Legislative miscalculations result in missing funds
Salary raises and bonuses fall short
One of the high priorities of the new legislative session is to rectify the miscalculations made in the $1,000 one-time bonus and $2,500 raise in salary for public school teachers this year. A letter of legislative leadership was signed promising that in this next session, they would come up with additional funds.
Superintendent Ray Timothy said the miscalculation occurred because the state did not originally include all teachers when estimating how much money they would need. "They only included ‘traditional’ teachers," he said. "Counselors, media core curriculum specialists, speech language therapist they were all left off the list."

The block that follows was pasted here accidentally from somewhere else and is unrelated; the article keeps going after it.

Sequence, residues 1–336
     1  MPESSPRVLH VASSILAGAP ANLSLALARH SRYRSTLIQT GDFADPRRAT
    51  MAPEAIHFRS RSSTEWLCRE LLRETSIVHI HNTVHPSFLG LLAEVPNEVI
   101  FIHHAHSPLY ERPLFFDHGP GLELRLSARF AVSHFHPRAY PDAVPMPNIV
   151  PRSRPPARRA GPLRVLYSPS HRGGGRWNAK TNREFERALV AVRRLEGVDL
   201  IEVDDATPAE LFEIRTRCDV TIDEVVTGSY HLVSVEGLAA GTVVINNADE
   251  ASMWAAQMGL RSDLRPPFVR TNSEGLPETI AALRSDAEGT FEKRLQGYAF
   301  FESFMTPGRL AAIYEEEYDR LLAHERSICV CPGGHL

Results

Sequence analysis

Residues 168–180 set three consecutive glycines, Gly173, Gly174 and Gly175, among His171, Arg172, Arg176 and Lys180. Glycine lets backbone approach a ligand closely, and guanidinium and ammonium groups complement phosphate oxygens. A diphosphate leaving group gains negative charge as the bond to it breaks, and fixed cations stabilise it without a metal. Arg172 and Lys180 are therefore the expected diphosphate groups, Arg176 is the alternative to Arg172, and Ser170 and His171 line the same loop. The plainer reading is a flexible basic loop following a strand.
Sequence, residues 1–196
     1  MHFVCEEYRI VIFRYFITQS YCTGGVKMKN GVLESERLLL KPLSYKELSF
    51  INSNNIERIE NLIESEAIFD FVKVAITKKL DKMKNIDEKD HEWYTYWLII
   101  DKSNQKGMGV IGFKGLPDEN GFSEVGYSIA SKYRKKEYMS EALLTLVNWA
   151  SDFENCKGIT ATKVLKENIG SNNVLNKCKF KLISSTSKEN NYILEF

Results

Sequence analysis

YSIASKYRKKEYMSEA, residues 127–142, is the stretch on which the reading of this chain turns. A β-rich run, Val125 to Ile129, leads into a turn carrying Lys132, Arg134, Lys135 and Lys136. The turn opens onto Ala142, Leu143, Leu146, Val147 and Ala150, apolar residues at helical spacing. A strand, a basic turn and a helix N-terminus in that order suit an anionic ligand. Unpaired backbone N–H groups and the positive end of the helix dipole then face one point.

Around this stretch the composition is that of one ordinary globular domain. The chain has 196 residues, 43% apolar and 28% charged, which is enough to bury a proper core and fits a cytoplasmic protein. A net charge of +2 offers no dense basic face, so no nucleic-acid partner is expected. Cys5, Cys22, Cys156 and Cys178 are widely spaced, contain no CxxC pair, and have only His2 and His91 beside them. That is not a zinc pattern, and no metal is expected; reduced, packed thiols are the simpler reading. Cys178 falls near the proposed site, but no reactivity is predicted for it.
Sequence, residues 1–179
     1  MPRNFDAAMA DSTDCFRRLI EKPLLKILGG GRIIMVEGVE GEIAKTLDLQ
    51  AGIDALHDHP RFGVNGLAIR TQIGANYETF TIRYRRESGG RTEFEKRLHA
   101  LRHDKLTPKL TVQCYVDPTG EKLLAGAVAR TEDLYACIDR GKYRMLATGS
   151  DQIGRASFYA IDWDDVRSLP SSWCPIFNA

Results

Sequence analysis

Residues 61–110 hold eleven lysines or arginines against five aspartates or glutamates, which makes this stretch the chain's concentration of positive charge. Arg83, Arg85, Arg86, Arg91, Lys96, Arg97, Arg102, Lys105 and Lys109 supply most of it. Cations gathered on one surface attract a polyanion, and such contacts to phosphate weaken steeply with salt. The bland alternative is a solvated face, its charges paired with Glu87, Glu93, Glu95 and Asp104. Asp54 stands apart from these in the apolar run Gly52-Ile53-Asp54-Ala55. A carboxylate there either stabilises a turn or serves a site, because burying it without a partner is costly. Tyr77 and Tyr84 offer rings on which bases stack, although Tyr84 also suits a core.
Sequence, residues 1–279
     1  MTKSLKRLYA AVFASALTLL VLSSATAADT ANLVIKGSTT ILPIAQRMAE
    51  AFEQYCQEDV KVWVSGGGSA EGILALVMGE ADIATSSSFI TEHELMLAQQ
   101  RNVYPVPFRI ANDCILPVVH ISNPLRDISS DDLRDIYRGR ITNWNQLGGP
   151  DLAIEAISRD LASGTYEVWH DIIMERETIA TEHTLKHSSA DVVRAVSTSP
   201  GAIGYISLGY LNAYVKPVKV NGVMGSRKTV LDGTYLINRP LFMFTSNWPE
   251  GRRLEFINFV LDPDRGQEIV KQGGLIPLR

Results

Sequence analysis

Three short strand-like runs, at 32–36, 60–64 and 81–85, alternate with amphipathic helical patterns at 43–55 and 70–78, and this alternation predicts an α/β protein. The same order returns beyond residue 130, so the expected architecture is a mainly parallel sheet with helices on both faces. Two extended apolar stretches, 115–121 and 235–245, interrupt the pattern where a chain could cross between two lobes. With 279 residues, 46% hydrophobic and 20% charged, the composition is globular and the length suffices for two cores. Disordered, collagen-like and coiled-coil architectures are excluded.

Timothy said that while they expanded the definition of what a teacher is and who would qualify, no additional funds were brought in to compensate for the added teachers. This cause the legislature to come up about $2.4 million short for bonuses and $20 million short for salary raises.
The amount of money each district would receive from the state was based on the projected number of qualified teachers it would employ. Timothy said they just got the final numbers from the state and because Park City’s estimation of teachers was too high, the district’s allocation will be very close to the original raise of $2,500.
Each teacher will receive just slightly more than $2,300, which will be distributed monthly throughout the year. Their bonus, which will be just over $900 after taxes, will appear on their December checks.